"I'd wake up for a practice each morning and really not be happy. I'd just have to try and grind through practice. I was just unhappy. For the first time in my life, the last two seasons felt like a job. Getting up and playing really felt like a job, and one that I wasn't enjoying on a day-to-day basis. Being happy just on Saturday during matchday isn't enough. To be happy one day a week with your job, for me, wasn't enough. I want to be happy almost the days of the week."
And that's exactly what he's found in Salt Lake City through his first five months of being a part of the expansion club.
"There's nothing like waking up in the morning and being surrounded by mountains," he said. "It puts you in a good mood."
Pierce and his wife have already built a home and have been overwhelmed by the welcome they've received from local fans. It started right away when he was sold a sprinkler system for his new house by an RSL supporter who had just bought season tickets.
"I got forty percent off," he joked.
That, and a few other similar examples, showed Pierce right away that there was already excitement and a higher awareness of the team in a market where they are the only game in town. In Massachusetts, as strong a youth soccer community as there is, the Revs are simply a speck in the rearview mirror behind both the Red Sox, Patriots and Celtics.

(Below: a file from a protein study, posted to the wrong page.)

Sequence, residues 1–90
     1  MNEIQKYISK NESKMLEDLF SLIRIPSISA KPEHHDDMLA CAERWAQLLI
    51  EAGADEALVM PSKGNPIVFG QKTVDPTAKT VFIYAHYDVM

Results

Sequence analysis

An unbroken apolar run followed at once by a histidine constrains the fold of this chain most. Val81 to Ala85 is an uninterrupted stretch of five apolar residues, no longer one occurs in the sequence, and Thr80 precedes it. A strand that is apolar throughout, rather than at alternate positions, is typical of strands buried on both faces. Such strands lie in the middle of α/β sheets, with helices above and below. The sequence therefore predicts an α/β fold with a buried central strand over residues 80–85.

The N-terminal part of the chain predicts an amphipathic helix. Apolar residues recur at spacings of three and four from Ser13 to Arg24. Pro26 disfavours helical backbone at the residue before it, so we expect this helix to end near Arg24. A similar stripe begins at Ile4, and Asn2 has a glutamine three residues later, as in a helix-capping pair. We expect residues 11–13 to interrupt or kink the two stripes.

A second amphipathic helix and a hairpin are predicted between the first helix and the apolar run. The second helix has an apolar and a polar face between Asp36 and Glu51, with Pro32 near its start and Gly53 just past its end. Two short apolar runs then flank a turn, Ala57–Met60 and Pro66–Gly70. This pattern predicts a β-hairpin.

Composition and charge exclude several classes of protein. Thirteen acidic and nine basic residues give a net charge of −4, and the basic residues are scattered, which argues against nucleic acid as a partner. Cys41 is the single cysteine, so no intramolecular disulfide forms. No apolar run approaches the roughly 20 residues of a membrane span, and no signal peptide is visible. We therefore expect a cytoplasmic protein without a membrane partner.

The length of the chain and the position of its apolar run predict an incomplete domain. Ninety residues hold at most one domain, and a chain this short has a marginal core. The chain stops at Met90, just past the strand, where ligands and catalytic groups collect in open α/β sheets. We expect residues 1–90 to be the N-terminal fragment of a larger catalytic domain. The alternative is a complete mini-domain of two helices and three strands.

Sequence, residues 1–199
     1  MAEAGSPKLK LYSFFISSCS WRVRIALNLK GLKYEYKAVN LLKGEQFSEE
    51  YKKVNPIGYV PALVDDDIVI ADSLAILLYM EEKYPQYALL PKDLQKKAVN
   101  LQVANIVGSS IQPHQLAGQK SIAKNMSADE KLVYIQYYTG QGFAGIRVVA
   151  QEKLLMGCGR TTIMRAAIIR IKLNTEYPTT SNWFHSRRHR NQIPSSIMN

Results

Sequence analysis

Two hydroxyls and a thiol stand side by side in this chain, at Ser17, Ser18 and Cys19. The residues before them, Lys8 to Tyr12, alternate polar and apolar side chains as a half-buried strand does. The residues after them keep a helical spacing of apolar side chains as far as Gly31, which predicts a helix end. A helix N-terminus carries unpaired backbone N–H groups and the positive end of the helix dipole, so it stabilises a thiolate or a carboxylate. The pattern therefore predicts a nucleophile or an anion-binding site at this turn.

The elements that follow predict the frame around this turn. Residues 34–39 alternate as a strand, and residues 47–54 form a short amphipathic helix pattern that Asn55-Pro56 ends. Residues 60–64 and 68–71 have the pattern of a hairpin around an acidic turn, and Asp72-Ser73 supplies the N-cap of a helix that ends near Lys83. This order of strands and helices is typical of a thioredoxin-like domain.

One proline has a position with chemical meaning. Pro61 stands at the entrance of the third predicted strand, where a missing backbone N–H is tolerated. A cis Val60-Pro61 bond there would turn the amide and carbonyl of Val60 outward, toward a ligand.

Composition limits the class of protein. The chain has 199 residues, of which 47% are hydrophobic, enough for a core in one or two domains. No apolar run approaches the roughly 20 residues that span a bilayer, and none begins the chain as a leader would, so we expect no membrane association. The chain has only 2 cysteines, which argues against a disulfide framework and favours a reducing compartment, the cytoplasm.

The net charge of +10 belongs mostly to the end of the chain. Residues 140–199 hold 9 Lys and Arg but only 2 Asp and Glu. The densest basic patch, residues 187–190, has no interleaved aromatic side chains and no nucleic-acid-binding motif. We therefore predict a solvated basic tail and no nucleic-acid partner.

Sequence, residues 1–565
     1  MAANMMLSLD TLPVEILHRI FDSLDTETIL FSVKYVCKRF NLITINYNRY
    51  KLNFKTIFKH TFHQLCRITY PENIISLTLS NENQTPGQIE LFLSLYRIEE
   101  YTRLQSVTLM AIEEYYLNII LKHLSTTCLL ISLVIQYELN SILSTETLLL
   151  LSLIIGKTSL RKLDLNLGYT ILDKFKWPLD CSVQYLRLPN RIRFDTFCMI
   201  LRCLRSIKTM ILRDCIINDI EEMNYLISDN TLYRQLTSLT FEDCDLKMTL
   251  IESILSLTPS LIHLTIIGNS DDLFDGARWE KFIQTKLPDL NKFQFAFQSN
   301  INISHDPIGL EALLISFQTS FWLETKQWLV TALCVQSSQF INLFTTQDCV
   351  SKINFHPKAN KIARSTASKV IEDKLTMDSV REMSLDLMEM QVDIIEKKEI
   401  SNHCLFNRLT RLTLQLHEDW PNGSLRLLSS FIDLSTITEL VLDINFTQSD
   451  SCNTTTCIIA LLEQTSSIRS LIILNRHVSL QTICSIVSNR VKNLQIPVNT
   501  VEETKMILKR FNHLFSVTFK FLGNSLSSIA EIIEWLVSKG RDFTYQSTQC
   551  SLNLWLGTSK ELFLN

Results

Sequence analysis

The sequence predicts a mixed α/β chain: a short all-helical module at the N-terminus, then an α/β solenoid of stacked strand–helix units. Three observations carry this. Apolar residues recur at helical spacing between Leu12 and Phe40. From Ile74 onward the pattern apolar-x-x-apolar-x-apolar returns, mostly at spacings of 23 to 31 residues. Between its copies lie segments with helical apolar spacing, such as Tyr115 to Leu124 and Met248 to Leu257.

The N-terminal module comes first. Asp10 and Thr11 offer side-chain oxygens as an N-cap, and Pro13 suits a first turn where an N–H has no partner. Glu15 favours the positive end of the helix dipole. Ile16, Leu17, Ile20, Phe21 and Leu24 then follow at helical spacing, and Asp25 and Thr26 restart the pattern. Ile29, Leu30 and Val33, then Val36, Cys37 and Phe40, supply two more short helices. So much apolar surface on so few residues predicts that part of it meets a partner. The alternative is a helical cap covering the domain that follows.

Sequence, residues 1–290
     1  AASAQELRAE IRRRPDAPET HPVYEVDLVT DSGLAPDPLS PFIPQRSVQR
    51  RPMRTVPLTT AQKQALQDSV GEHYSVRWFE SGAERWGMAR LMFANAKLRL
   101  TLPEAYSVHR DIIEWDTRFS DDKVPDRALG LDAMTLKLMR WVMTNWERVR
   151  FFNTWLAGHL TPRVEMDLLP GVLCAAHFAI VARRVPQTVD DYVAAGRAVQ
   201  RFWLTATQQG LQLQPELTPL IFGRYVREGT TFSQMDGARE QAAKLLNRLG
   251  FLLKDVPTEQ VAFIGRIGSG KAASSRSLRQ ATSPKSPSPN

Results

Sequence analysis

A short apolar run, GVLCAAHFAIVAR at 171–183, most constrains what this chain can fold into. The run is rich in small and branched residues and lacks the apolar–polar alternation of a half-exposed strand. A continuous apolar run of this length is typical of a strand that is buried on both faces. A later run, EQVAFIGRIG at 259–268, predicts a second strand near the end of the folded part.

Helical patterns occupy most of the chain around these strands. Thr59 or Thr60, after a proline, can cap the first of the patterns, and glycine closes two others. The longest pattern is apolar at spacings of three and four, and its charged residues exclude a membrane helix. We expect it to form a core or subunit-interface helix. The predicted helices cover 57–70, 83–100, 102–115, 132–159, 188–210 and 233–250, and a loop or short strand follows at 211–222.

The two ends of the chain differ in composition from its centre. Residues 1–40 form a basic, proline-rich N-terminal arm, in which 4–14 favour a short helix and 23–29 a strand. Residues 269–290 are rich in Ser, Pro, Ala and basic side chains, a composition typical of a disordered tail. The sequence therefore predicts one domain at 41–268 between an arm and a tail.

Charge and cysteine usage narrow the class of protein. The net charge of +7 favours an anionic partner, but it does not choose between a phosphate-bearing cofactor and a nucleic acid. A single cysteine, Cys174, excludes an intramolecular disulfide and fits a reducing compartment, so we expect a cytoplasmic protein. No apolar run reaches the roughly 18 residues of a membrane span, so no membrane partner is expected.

"It's amazing how many people have season tickets here or are aware of us," he said. "People come up to me a lot saying how happy they are to be here. It's nice getting used to that."
Pierce has also been able to play the position that he feels he's best at: right back. That's a change from the role as a central defender that Nicol had Pierce in for the majority of his time with the Revs,
"John (Ellinger) felt that I'll be a stronger right back than a centerback, and I agree with that," he said. I've always thought of myself as a right back who can play centerback, where in New England I was a centerback who could always play right back."
Through five matches, Pierce has been a part of a back four that has been juggled a bit due to injuries, and that questionable red card Eddie Pope was called for in the 3-0 loss to FC Dallas on April 23. Once everyone is healthy, including Pierce, who sat out training early this week due to a sore hamstring, it's a defense that has a lot of potential. Pope, one of the top defenders in MLS, will be the rock in the middle to go with Brian Dunseth and either Matt Behncke, Nelson Akwari or Marlon Rojas, depending on who emerges in the coming weeks.